| WASHINGTON, March 17
WASHINGTON, March 17 An Obama administration
push to clean up the tax preparation industry has landed in
Congress where it is expected to stall, meaning further delays
to rules to stamp out shoddy and deceptive tax preparers who are
a drain on the U.S. Treasury and taxpayers.
After setbacks in the courts, the Obama administration this
month asked Congress to pass a law that would specifically
empower the Internal Revenue Service to regulate preparers, from
sector leader H&R Block Inc to thousands of mom-and-pop
The IRS had argued for years it did not need legislation to
do this, but small-government activists recently prevailed in
court in their effort to block the tax agency's attempts on its
own to impose new regulations on up to 700,000 tax preparers.
Concurring with the activists, the U.S. Court of Appeals for
the District of Columbia ruled last month that Congress never
gave the IRS the power to impose test-taking and continuing
education requirements on tax-return preparers.
The IRS now wants Congress to act, but there is little
prospect that it will move quickly on that request, said Floyd
Williams, the former IRS chief of legislative affairs. He is now
a lawyer at a lobbying firm. "I don't think it's a go. I don't
look for Congress to jump on that," he said.
The IRS request may have some traction in the Senate, where
Democrat Ron Wyden, who chairs a committee that oversees the
agency, has said he is "committed to focusing the committee on
taking necessary actions to ensure robust taxpayer protection."
But in the Republican-controlled House of Representatives,
the issue is not a top talking point among members of the
tax-writing Ways and Means Committee, said a Republican staffer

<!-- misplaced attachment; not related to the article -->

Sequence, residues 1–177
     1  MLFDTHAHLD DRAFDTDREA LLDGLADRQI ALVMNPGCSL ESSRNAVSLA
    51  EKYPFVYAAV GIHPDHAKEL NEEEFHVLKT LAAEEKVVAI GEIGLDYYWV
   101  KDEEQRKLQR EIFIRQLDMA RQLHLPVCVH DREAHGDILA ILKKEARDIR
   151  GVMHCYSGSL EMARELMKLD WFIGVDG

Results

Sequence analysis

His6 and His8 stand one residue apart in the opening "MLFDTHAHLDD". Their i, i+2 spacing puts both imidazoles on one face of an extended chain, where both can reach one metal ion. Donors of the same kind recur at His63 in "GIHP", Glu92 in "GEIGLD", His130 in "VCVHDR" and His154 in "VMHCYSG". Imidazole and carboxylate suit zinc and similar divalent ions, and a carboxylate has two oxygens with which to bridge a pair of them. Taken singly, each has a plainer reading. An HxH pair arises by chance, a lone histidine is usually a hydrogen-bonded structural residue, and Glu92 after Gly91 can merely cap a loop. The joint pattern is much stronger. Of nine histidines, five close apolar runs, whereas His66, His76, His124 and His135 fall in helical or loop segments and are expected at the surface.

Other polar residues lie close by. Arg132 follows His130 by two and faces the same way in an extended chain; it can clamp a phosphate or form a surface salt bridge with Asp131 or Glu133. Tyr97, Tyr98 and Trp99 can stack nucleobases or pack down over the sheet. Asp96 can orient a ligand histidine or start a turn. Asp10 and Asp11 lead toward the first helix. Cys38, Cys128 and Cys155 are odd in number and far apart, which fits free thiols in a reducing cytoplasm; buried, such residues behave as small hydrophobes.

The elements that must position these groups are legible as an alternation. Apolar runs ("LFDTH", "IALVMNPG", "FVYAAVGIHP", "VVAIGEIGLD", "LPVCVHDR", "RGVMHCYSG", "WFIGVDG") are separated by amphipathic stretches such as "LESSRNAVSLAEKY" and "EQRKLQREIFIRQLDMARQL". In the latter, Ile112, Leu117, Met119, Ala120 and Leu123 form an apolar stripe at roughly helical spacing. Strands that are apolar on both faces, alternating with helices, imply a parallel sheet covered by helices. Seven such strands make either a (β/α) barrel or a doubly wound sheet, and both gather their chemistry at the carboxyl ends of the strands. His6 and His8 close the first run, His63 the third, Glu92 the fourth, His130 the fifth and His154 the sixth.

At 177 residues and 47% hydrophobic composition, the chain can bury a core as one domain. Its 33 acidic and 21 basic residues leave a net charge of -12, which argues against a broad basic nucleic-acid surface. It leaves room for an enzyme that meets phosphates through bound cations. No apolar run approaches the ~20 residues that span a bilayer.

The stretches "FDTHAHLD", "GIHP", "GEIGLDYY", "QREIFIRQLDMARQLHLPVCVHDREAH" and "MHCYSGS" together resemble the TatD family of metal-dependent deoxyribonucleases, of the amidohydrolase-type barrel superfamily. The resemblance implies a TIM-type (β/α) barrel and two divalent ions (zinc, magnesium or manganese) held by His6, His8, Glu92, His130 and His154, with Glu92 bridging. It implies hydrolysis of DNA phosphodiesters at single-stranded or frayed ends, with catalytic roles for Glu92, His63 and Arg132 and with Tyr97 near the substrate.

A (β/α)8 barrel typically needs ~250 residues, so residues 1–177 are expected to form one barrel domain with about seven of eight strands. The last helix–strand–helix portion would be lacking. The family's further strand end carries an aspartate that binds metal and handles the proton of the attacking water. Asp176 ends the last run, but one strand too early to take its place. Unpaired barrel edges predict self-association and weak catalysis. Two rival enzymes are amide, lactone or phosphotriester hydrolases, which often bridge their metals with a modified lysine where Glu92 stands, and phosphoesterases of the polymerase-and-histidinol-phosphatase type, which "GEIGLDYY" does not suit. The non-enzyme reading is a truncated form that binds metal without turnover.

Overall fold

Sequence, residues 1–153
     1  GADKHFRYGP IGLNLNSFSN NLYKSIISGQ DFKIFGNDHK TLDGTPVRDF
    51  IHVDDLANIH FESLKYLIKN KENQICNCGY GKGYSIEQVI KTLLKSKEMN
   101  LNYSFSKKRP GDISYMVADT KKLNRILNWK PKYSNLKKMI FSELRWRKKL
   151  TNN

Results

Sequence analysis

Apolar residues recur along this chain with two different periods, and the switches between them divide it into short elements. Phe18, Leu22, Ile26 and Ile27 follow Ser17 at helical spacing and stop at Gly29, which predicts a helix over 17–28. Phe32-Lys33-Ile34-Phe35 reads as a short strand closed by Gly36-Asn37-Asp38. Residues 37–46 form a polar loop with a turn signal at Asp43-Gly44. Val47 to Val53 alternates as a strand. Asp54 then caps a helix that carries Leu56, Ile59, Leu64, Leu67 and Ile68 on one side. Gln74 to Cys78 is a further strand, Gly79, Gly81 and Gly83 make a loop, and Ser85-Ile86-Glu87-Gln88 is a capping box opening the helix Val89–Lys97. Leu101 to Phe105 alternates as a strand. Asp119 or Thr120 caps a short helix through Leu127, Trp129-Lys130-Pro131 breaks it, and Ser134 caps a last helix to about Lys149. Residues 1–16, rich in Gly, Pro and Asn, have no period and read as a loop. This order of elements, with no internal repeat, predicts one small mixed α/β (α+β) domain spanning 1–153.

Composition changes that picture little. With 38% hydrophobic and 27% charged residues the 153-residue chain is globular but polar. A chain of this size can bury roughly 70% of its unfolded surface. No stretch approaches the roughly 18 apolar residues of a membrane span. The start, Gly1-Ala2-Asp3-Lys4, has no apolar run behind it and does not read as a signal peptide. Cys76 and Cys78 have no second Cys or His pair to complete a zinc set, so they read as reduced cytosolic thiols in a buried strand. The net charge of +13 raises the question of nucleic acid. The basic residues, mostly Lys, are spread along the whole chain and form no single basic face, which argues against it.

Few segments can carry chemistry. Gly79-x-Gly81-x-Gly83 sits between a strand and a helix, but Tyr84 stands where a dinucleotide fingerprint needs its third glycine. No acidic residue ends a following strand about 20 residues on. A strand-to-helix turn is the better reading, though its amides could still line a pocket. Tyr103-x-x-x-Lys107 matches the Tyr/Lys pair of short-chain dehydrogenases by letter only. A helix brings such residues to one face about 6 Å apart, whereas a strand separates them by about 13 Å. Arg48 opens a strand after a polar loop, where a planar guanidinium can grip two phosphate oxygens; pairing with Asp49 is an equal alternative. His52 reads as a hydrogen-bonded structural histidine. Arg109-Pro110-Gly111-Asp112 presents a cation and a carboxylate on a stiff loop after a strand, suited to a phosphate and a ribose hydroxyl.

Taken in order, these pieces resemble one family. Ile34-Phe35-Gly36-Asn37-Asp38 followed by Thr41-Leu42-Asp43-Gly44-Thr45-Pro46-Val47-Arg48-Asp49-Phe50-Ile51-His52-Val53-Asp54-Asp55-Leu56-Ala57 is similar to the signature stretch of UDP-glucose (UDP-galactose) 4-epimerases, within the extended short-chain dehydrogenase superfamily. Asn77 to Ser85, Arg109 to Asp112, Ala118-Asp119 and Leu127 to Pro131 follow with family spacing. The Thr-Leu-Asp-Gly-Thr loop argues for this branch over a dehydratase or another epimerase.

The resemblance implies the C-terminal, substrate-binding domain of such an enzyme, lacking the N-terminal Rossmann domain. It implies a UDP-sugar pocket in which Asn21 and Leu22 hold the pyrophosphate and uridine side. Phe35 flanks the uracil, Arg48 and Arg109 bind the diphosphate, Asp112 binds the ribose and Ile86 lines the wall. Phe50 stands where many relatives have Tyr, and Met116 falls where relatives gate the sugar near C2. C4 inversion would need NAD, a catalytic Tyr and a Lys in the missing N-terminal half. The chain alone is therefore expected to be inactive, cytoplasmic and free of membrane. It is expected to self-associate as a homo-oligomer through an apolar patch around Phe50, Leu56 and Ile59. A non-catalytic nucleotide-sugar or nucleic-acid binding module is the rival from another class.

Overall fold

who asked not to be identified.
A spokeswoman for Ways and Means Committee Chairman Dave
Camp, a Republican, said the IRS's request is under review.
Jeff Trinca, a lobbyist who represents enrolled agent tax
preparers already licensed by the IRS, said, "Republicans are
cautious ... There isn't a lot of grassroots support" for the
IRS's proposed crackdown on the tax preparer industry.
NAVIGATING THE MAZE
The complex and confusing U.S. tax code each year drives
millions of Americans to seek help with completing their tax
returns, which supports a $9.4-billion industry.
About a third of the market is controlled by H&R Block, by
far the industry's biggest firm, and three other sizable
companies. The remaining two-thirds is divided among licensed
and unlicensed preparers, many of them mom-and-pop operations.
Licensed preparers, such as enrolled agents, accountants and
lawyers, would not have been subject to the IRS's proposed
regulations, which were aimed mainly at unlicensed, unregulated
tax preparers. That is the part of the market where the IRS sees
the most mistakes and deception in tax returns.
Incompetent and unethical tax-return preparers "annually
cost the taxpaying public billions of dollars," the Justice
Department said in a court filing last year.
The department said in February it got permanent injunctions
against more than 60 tax preparers in the prior 12 months.
Former IRS Commissioner Doug Shulman launched the agency's
attempted crackdown in 2009, aiming to shrink the $450 billion
"tax gap" between taxes owed to the IRS, but not paid.
Without federal action, regulation at the state level could
help address the tax preparer problem, Williams said.
California is one of four states that regulate preparers.
There tax preparers must pass a test and complete 20 hours of
continuing education each year. But Cynthia Leachmoore, an
enrolled agent in Soquel, California, said, "There's not enough
consequence for someone who makes a bad mistake."
New York has moved recently to regulate preparers more
closely, prompting complaints of a patchwork of state rules.
"My greatest fear is that states will each take regulations
up on their own so that I would be unable to prepare a
multi-state return," said Bill Nemeth, an enrolled agent in